The aim of the $US 30bn Gateway Program is to increase the resiliency of the Northeast Corridor (NEC), North America’s most heavily-used passenger railway. The NEC crosses the Hudson from New Jersey into Manhattan via the North River Tunnel, which has deteriorated due to its age, intensive use and damage sustained from saltwater exposure during Superstorm Sandy, which struck the region in October 2012.
In addition to the tunnel, the existing Portal Bridge over the Hackensack River would be replaced by two new bridges, while Secaucus Junction station would be expanded with additional tracks on the outside of the existing station, and a loop line which would allow New Jersey Transit trains from the Main-Bergen and Pascack Valley Lines to run into New York City. These services currently terminate at Hoboken.
In 2016 New York and New Jersey established the Gateway Program Development Commission, a not-for-profit entity with board members representing Amtrak and the two states, to oversee the project in coordination with federal and local partners.
However, the project has struggled to gain the necessary backing from Washington DC and New York and New Jersey have been at loggerheads with the Trump administration in recent months over the lack of federal support for the project. In March the Federal Transit Administration gave both the Portal Bridge and the new Hudson Tunnel a medium-low rating.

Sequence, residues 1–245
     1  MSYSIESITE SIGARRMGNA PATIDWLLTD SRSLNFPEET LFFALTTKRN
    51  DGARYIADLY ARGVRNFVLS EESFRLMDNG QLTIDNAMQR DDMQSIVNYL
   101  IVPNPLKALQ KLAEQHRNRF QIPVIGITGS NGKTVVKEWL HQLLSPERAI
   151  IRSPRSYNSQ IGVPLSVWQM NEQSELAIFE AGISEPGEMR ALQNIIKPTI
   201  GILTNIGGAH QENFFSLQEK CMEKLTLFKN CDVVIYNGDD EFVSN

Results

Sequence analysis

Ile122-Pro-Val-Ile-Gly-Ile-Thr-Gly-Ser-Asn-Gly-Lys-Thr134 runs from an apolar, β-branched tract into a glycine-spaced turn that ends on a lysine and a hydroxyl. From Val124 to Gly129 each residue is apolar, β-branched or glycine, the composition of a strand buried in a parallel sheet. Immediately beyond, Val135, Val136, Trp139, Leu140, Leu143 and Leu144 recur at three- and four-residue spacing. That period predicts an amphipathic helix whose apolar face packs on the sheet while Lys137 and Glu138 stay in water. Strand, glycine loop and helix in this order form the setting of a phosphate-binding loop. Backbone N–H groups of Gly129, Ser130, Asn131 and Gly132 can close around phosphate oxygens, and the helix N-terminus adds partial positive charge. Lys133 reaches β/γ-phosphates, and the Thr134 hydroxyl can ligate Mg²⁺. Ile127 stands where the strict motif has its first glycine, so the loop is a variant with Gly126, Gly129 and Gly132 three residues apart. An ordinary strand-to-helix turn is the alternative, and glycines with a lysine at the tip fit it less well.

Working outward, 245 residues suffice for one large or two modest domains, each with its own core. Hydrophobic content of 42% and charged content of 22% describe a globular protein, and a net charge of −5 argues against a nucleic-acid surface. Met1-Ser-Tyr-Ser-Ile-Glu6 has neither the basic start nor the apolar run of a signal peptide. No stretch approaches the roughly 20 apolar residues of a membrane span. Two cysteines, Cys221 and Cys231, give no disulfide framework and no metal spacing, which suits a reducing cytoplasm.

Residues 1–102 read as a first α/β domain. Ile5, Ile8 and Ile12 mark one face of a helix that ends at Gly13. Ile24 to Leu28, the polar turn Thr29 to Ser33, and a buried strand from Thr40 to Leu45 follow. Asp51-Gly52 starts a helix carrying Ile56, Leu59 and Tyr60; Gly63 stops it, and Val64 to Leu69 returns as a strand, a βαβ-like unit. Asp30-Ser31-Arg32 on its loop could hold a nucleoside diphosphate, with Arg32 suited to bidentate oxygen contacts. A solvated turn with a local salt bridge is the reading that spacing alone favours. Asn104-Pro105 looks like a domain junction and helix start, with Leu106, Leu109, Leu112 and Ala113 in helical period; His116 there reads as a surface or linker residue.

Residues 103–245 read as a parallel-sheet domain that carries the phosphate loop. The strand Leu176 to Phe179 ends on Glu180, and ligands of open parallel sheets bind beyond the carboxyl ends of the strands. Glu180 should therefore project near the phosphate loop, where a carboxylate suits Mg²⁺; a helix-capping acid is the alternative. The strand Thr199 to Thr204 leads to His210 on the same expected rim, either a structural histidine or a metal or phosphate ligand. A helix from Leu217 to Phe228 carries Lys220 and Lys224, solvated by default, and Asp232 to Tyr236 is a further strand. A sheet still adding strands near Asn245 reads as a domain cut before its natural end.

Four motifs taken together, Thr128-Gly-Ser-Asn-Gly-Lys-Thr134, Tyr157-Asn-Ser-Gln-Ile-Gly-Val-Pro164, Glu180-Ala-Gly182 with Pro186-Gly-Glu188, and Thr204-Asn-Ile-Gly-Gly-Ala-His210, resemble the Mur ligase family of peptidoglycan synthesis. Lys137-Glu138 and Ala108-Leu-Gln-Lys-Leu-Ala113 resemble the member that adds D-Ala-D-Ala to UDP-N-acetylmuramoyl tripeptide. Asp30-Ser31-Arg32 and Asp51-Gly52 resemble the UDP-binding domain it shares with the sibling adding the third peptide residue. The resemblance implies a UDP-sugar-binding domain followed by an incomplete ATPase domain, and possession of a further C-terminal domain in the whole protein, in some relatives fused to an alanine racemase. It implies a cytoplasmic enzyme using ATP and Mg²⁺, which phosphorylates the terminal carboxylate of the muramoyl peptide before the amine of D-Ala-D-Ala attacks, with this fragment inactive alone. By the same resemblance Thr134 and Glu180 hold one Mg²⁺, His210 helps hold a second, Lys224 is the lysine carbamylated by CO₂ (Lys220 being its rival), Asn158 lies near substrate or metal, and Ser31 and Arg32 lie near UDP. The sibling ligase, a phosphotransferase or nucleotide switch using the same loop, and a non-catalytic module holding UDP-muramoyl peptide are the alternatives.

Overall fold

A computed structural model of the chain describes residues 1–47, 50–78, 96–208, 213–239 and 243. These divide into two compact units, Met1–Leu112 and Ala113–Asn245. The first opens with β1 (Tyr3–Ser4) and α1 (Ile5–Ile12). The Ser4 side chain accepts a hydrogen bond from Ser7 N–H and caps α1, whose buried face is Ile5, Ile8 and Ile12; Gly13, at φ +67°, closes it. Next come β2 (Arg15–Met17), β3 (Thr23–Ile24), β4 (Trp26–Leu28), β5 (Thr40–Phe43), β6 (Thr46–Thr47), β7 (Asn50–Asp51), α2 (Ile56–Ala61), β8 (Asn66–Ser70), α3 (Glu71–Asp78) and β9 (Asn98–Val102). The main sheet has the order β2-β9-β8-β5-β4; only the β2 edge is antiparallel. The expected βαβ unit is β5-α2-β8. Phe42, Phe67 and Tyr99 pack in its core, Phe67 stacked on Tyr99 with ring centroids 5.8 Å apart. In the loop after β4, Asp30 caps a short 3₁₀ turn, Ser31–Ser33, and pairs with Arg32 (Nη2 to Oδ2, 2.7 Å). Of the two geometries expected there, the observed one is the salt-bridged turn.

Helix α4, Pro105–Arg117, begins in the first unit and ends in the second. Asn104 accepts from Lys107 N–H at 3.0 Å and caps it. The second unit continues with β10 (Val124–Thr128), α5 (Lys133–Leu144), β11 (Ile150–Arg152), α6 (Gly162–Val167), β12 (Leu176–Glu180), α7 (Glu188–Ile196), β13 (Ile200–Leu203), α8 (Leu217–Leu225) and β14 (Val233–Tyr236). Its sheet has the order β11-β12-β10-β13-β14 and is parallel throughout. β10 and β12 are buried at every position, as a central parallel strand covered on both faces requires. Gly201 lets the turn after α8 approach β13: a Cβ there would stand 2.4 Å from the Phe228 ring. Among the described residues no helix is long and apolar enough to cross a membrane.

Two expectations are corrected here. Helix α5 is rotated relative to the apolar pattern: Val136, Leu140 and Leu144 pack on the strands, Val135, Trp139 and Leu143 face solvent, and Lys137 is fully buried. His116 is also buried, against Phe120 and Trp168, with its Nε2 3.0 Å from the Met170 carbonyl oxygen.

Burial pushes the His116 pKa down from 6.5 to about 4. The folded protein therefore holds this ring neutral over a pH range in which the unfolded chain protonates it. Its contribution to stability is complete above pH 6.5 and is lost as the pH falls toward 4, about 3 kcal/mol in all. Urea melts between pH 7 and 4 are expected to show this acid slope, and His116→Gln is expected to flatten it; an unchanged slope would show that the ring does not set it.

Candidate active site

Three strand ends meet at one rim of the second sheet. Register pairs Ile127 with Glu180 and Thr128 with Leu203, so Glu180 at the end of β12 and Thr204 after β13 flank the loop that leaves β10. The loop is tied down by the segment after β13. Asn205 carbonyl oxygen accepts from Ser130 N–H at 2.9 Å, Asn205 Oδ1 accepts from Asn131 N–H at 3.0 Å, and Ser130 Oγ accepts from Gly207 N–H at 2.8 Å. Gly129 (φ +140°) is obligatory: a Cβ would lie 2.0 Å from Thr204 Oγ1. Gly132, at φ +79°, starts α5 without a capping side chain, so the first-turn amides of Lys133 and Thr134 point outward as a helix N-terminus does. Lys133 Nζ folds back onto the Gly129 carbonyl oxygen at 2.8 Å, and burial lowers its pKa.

“The current Hudson River train tunnels are in dire condition, and it’s only a matter of time before one or both tubes fail,” the governors said in a joint statement. “Building the new Hudson Tunnel Project is the single most important infrastructure project in our nation, but the Trump administration has abdicated its responsibility by failing to pay their fair share to replace this federally-owned asset.”
“The Gateway Program isn’t just about New York and New Jersey - it’s about the entire national economy with 20% of the country’s GDP reliant on the region served by the Northeast Corridor. In the absence of leadership in Washington, we remain committed to moving ahead with this profoundly urgent infrastructure project.”